Facebook has recently has changed its policy on the process for its account holders when they die.
This prompted me to investigate with a few of the popular platforms, as to what happens to your account when you die, and who can access it or delete it.
Without your personal account information, including log in and password details your next of kin and/or executors cannot simply log in and amend or delete your account details. They may want to post a message to your page for a while about your death.
Previously Facebook has responded to notification that an account holder is deceased by verifying the death and freezing the account so no changes could be made.
Recently Facebook has stated it will now allow account holders to name a ‘legacy contact’ who will be permitted to manage the Facebook page after the user’s demise.
This Facebook ‘executor’ can respond to new friend requests, update the cover photo and profile, and archive your Facebook posts and photos and will be allowed to make one final post. Private messages will not be accessible to the legacy contact.
“We heard from family members who wanted to post funeral information or download and preserve photos,” said Vanessa Callison-Burch of Facebook in a recent interview. “We realised there was more we could do.”
Facebook’s users can go into a feature under settings to choose a legacy contact to manage the account, opt to have the account deleted permanently after death or do nothing.
Friends or family can report a death through an electronic form at the online Facebook Help Centre. Once Facebook is notified of a death and confirms it, Facebook will add the tagline ‘Remembering’ over the user’s name and notify the legacy contact. The legacy contact will not be able to log in as the person who died or view that person’s private messages.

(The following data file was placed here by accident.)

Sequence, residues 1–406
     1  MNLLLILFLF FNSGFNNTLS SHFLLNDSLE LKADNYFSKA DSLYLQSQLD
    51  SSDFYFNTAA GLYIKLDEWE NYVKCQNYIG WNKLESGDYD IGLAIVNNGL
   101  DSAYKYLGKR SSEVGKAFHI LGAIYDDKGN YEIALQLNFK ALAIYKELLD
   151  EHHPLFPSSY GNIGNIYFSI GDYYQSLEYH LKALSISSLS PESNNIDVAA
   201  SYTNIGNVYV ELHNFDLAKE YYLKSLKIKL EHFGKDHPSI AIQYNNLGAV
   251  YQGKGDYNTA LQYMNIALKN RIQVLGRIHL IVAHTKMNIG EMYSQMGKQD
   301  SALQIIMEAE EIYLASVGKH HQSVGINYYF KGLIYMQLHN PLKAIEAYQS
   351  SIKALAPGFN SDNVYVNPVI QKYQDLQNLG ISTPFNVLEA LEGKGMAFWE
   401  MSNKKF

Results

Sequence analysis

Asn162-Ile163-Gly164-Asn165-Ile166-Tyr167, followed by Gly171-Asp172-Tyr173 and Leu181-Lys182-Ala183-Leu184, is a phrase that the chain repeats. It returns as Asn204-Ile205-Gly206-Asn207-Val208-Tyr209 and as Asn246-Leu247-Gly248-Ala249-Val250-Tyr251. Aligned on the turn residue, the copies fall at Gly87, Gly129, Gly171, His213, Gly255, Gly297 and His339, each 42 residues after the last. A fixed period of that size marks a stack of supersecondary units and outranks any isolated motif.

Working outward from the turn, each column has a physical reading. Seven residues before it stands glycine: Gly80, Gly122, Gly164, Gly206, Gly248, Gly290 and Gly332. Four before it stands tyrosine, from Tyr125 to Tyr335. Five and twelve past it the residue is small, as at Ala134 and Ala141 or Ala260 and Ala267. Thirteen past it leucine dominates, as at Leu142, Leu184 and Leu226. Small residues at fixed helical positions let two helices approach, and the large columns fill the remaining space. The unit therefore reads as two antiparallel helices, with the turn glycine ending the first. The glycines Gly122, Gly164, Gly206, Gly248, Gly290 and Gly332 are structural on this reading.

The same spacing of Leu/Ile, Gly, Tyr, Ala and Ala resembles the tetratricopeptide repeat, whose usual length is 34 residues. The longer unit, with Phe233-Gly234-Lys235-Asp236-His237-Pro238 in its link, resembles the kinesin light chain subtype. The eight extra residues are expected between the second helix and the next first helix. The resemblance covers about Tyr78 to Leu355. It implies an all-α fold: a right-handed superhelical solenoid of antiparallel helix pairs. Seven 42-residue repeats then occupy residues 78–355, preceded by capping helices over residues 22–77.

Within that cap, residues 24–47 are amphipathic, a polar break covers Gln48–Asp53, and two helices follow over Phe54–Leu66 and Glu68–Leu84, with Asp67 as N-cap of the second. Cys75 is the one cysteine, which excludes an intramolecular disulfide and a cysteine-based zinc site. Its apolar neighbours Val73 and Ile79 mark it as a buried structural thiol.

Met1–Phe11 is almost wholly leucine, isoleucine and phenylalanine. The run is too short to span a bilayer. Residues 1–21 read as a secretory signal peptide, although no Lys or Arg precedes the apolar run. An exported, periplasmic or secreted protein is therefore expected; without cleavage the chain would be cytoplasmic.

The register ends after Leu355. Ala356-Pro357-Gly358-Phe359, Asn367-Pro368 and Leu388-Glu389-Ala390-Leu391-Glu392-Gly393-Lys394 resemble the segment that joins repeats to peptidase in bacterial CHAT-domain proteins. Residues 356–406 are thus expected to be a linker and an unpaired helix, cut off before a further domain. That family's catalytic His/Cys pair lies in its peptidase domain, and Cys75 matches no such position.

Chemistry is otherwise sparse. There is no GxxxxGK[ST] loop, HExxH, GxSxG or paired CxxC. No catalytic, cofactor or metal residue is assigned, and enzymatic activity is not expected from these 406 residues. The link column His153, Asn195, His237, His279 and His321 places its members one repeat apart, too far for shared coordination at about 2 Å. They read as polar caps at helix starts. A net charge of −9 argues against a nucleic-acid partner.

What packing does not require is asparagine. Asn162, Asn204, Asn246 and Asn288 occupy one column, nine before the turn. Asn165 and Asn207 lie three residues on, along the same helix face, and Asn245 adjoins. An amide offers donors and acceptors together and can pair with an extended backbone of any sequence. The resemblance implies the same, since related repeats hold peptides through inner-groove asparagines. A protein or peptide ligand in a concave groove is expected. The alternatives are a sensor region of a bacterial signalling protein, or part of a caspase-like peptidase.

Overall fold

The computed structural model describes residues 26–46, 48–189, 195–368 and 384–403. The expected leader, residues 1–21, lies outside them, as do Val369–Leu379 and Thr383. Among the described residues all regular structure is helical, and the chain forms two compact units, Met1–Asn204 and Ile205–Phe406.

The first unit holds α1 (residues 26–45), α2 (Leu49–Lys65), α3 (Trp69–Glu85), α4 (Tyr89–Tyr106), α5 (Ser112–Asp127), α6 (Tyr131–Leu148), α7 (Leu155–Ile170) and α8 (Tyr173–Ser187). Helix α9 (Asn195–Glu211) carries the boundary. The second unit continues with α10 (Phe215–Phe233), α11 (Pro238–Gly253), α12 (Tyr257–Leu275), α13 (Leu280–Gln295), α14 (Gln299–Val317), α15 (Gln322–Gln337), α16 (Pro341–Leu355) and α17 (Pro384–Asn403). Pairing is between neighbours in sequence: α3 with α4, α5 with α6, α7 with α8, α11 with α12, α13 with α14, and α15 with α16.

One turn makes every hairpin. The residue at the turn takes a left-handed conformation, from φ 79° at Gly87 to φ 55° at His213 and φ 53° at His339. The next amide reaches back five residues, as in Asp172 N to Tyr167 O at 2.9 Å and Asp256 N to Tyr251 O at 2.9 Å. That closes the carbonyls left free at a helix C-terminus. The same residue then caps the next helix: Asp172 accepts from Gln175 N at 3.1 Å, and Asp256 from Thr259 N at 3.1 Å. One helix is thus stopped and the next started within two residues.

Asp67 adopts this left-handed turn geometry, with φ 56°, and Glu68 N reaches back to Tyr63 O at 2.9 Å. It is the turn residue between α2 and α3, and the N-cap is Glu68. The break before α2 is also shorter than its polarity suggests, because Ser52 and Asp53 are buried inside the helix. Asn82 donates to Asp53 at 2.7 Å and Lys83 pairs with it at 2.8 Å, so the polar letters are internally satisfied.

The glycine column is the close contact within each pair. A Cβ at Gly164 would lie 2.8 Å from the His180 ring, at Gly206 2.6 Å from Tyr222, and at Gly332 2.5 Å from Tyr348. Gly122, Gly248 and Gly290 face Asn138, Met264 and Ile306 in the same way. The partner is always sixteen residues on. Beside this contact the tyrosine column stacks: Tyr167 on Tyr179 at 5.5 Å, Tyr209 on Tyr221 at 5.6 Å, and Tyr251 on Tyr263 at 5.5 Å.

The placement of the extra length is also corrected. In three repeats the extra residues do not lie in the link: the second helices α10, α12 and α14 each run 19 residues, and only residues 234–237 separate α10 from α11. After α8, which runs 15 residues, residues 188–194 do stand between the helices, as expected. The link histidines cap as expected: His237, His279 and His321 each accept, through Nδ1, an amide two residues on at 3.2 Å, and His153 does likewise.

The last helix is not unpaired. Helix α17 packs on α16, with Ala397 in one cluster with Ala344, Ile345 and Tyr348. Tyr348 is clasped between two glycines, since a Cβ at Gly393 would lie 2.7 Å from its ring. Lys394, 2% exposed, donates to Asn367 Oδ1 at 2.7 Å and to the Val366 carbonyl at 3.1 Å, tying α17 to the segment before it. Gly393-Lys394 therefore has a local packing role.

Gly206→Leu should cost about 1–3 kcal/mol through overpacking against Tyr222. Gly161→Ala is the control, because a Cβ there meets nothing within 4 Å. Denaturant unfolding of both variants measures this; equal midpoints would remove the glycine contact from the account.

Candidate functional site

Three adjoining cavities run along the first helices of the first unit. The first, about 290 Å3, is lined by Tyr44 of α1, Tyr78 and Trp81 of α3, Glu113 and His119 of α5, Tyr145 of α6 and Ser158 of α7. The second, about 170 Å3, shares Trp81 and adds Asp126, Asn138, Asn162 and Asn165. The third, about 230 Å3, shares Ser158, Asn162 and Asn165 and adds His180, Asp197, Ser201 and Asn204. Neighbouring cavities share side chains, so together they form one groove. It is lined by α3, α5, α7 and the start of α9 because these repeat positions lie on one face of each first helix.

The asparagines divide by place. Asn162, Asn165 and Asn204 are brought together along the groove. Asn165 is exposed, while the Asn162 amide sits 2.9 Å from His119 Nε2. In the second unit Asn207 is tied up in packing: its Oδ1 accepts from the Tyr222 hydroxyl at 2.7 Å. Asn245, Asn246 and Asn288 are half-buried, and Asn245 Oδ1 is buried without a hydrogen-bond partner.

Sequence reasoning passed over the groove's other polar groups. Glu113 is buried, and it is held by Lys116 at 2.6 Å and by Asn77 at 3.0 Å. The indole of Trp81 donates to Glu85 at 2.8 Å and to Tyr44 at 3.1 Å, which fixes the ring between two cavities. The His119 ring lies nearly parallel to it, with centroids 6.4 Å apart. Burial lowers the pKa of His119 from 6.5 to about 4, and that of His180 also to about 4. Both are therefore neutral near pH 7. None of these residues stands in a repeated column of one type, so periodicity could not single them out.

In the event of the death of a Twitter user, a person authorised to act on the behalf of the estate or a verified immediate family member of the deceased can have an account deactivated. Twitter is unable to provide account access to anyone regardless of his or her relationship to the deceased.
However, Twitter will remove imagery of deceased individuals in certain circumstances. Immediate family members may request the removal of images or video of deceased individuals, from when critical injury occurs to the moments before or after death, by sending a request to Twitter.
For Instagram you can report the account for memorialisation. If you’re an immediate family member of that person, you can request the account be removed from Instagram. Instagram will not provide login information for a memorialised account.
Verified immediate family members may request the removal of an account from Instagram.
Once notified and relevant verifications are undertaken LinkedIn will close the account and remove the profile permanently.
Interestingly there have been some occasions that people have received notification updates or ‘endorsements’ on LinkedIn from people who are deceased . . .
There are many other social media platforms that have similar policies. Generally none allow someone to just take over an account even though they may legally be in charge of the estate. This is the same for other online issues such as email accounts, websites and so on. Unless someone actually has your account ID and password (login in details) then your on-line life may stay alive forever.
There are actual businesses who only deal with online death. You can pay a fee and lodge all of your online personas with them and after your death they will provide all of your details to a person or persons you nominate. Google ‘legacy locker’ or ‘password box’ to read more.